How Do You Handle The Waves?

Photo courtesy of
Photo courtesy of

LIfe is a lot like an ocean’s wave. We wait with anticipation as the wave rises out of the water’s surface hoping the wave will climb and climb. All the while, the white foam curls around the top like a lip. The wave is smiling at us. But the wave is going to crash and you’d better not be standing under it because it will flip you, toss you, and drag you. And if you’re not careful it will drown you.

I grew up at the beach. I learned at an early age how to handle the waves. You can jump them or swim through them. You can even ride them. But it only takes one time for the wave to grab you and turn you upside down; salt-water rushing up your nose. You can’t tell where the sky is and you don’t know how long it’s going to be before the wave slams you on the ground and when it does dump you at the edge you’ll be covered in sand in places you didn’t even know existed.

Life is all about how we handle the waves. Our ocean is a little rough right now. Our puppy had surgery and the surgery caused a complication.It’s going to be weeks before we know if he’s totally healed. Plus we have a few family members who insist on getting caught in the undertow. Some want to be dragged out and one, well, she thinks she’s surfing so I guess it doesn’t matter, in her world she’s having fun.

I want to grab a good book, a beach chair and plop myself down in the sun. I want to listen to the roar of the ocean and smell the salt air. If I’m lucky, I’ll find a few pieces of blue and green sea glass. I have no interest in riding the waves today. I want to spend time with my children before they get to the other end of the beach and I’m nothing more than a glance over their tanned shoulders.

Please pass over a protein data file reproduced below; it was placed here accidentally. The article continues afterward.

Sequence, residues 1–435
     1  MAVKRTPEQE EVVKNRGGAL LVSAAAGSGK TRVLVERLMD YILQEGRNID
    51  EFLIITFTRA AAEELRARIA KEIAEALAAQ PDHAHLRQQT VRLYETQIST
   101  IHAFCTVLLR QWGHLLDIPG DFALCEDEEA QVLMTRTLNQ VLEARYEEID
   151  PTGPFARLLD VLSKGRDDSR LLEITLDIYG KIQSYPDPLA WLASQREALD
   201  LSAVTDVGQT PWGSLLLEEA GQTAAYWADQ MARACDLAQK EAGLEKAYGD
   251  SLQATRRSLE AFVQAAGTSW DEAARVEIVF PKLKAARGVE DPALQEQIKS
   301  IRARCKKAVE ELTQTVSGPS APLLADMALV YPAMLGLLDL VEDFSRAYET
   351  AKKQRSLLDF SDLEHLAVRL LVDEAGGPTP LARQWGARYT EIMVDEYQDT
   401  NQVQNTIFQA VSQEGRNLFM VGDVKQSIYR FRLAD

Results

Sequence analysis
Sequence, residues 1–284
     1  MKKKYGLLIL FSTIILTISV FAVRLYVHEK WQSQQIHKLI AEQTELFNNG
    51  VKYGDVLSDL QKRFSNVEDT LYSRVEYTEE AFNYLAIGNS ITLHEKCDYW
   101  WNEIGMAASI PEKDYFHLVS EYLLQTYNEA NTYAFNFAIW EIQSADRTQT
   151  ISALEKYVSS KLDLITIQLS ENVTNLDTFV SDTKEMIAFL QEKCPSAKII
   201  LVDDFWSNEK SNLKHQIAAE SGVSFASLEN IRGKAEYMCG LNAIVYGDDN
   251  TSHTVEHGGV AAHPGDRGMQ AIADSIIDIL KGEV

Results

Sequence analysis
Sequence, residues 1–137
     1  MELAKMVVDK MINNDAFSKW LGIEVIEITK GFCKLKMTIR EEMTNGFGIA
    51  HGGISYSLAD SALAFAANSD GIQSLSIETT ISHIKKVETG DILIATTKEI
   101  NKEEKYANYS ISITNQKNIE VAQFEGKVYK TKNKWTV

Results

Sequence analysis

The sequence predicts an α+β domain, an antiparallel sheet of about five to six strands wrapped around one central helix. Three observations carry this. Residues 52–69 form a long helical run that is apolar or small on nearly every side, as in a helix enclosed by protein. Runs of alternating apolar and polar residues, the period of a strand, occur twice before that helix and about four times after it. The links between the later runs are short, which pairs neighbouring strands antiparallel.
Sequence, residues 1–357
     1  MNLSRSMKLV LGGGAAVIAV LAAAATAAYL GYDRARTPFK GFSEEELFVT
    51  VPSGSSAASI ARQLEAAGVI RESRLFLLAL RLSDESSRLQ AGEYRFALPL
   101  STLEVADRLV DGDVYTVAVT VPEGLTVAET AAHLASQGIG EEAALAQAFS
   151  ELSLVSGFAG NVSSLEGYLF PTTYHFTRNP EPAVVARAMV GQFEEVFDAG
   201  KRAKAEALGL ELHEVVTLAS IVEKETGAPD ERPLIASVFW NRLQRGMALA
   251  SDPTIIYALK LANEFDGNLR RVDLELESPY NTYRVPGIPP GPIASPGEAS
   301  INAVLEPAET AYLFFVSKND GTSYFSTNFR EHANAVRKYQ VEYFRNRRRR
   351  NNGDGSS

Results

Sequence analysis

But the ocean is calling and its wrapping its cold hands around my ankles. My toes sink deeply into the pebbled sand. Will I jump or dive? Or will the ocean win this round? Nope, not today.


16 thoughts on “How Do You Handle The Waves?

  1. I hope your puppy heals perfectly. Farley, my wheaten, has lyme’s disease when he was year hold. It was a terrible two months, but he healed fine and is now 7 and perfectly healthy. I’m sending your pup some get well soon vibes.

    1. Thank you, Kristina. His back leg was knuckling which was the complication from the surgery. The concern was it spreading into the other leg, but he’s doing it less and less so that’s a great sign. He’s recovering nicely from the surgery. He has to wear the Cone of Shame, and he hates it, but that’s only for a couple of weeks. I’m sorry your pup had Lyme’s. But I’m so glad he’s healed and it’s a thing of the past.

      Good luck with your book launch of Descent. I’m looking forward to reading it.

      1. I bought a cone of shame for Farley that is made of hard cloth and sits backward on the dog instead of forward so it’s much easier for the dog. I’ll see if I can dig up a photo for you.

    1. Thank you for sharing the adorable photo of Farley! His reverse cone reminded me of the cape I wear when I go to the hair salon. Was the cone sturdy? Munson is a chewer. I’m afraid he’d figure out how to get around something like that and chew at his stitches. I’ve also seen the padded cone that looks like the plastic one. Some of the reviews say their dog didn’t like it because they couldn’t see through the cone. Ugh. Dogging parenting is almost as hard as real parenting!

  2. Funny. I caught up with this after spending a day at the beach earlier this week. Nice analogy, esp of your kids looking over their tanned shoulders. Their growing up messes with a mamma sometimes. Near which beach did you grow up?

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